Finding it tricky to shift that cold? Your immune system may be suffering more than you think…
Our immune system is an incredibly complex system involving many different parts of the body working synergistically together. Its defences range from physical barriers such as our skin, enzymes in our tears and saliva and the cough-reflex, to the numerous immune cells in our blood streams, and the trillions of immune-modulating bacteria residing within our guts. On duty 24 hours a day, 7 days a week, 365 days a year, it’s no wonder our immune system can become overworked at times. Here are 6 signs that you might need to give your immune system a little extra support.
- Frequent infections – Recurrent colds (more than two a year), tonsillitis, urinary tract infections, thrush, athlete’s foot and fungal nail infections are all signs that our immune system isn’t functioning optimally. Imagine the immune system as an army made up of different regiments under constant attack from a barrage of invading pathogens such as bacteria, fungi and viruses. When each of the regiments is fully conscripted, armed and communicating well with each other, the pathogens can be defeated. However, if one regiment suffers a big defeat, or communication breaks down, this leaves our defences weakened, and this is when infections can take hold.
- Chronic Stress – When we’re stressed, the immune system’s ability to fight off pathogens is reduced. Cortisol (our stress hormone), suppresses certain immune cells, leaving us more susceptible to infections. This is a natural evolutionary response. When running away from a saber-tooth tiger, our immune systems wouldn’t have been very useful to us, so instead we evolved to prioritise the cardiovascular and musculoskeletal systems (amongst others) in times of stress. Once we had escaped the tiger, both our cortisol levels and our immune system would return to normal. However, the pressures of modern living lead many to experience stress on a chronic basis, leading to chronic depression of the immune system. High stress is also a big risk factor for the development of autoimmune conditions, where the immune system becomes confused and incorrectly starts to attack parts of the body.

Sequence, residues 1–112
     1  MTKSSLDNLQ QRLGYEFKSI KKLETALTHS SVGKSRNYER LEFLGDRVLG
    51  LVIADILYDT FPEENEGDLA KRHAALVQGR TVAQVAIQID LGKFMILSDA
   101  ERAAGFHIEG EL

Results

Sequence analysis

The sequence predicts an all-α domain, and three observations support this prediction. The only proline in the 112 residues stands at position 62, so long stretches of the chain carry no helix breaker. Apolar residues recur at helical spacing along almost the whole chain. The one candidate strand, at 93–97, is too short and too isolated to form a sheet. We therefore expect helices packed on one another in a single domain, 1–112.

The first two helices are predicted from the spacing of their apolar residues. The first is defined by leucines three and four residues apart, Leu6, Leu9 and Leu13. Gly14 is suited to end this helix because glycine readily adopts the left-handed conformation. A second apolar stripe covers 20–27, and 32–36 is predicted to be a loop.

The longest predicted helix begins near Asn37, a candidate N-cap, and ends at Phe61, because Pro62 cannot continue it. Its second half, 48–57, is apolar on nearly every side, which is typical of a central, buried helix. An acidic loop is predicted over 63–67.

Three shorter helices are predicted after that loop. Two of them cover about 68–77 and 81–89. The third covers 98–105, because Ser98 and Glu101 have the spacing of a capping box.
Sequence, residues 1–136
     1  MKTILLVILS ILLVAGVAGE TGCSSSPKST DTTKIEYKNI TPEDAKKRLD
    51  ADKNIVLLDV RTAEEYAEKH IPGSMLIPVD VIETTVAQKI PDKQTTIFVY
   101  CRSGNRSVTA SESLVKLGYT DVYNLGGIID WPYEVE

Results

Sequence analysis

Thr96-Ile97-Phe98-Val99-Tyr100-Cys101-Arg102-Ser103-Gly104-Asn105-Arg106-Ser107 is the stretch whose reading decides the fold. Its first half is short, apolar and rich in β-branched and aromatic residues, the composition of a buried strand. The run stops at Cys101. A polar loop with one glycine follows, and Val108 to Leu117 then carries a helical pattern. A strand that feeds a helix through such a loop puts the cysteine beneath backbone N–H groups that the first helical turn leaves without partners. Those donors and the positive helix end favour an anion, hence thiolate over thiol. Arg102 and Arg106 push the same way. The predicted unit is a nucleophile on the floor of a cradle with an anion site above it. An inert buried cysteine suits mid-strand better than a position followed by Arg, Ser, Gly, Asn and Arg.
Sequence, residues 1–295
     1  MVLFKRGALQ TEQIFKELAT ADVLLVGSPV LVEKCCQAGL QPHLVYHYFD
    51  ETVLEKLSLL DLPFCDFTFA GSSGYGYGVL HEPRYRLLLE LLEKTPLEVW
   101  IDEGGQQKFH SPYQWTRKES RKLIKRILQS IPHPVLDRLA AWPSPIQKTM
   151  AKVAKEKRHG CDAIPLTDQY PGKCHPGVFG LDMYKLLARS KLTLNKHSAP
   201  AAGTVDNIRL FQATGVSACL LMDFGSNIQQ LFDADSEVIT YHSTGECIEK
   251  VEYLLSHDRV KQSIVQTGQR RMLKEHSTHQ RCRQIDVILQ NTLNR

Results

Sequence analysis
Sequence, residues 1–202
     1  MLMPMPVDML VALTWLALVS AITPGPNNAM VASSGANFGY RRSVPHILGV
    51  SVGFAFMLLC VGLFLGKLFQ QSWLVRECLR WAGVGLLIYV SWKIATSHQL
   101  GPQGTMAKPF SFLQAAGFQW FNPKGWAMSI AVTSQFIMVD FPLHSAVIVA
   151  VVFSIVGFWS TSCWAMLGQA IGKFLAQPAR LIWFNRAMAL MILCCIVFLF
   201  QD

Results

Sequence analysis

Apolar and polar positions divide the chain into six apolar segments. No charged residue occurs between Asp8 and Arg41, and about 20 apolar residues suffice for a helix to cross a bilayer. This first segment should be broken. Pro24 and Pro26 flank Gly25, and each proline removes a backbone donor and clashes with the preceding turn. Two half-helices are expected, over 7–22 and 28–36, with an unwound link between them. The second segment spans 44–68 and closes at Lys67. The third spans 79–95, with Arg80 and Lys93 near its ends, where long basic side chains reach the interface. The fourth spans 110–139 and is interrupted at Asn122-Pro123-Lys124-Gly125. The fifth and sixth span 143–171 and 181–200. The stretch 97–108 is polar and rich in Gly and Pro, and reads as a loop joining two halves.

- Allergies and atopy– Allergies and atopic conditions such as eczema, asthma, hay fever and hives is said to involve a malfunction of the immune system, in which usually harmless substances (such as pollen, dust mites, chemicals, pet dander or foods) are misinterpreted by the immune system as being harmful, causing a heightened reaction towards them. This leads to an increase in IgE antibodies and the release of inflammatory substances such as histamine. If you suffer with atopic conditions and/or allergies (or have recently developed one), it’s a sign that your immune system could be out of balance.
- Antibiotic use – If you’ve had to take a course of antibiotics recently, not only does this signal that you’ve had an infection your immune system wasn’t able to clear on its own, but you could also be at increased risk of picking up further infections, due to antibiotics effects on the gut microbiome. Did you know up to 70% of our immune cells reside in the lining of our guts, and these cells are supported by our gut bacteria? Antibiotics are extremely effective at wiping out infection-causing bacteria. However, they are indiscriminate, and can also kill beneficial bacteria in our gut at the same time. Replenishing your gut bacteria with a good quality live bacteria supplement such as Bio-Kult Advanced Multi-Strain Formula (bio-kult.com), which contains 14 different strains, is therefore really important to support your immune system during and after a course of antibiotics.
- Food intolerances – As discussed above, maintaining a healthy lining of the gastrointestinal tract is essential for optimal immune function. When the lining of our digestive tract becomes damaged (by stress, alcohol, poor diet, inflammation, medications etc…) it can become hyper-permeable or ‘leaky’. This allows larger proteins from foods which shouldn’t normally be able to pass through the digestive lining to enter our blood streams. Our immune systems see these as foreign invaders and in response mount an inflammatory immune attack. This leads to the symptoms associated with food intolerances, which can either be localised within the gut, or more systemic, affecting our skin, mood and much more.
- Diet low in nutrients – Nutrition plays a critical role in determining immune responses and malnutrition is the most common cause of immunodeficiency worldwide.Poor nutrition has been shown to result in increased infections and slowed healing from injury and infections, whereas studies show that healthy eating can help in keeping your immune system functioning properly. Certain nutrients are particularly important such as ensuring adequate protein intake, along with the micronutrients zinc, selenium, iron, copper, vitamins A, C, E, B6 and folate. If your diet has been looking a little beige recently, chances are your immune system isn’t getting all the nutrients it needs.
The most effective approach to supporting immune function is a comprehensive plan involving diet, lifestyle, stress management, exercise and supplementation where needed. The immune system does an incredible job of protecting us, but the bottom line is, you need to look after your immune system if you want your immune system to keep looking after you.
Words by Nutritional Therapist Hannah Braye (www.bio-kult.com).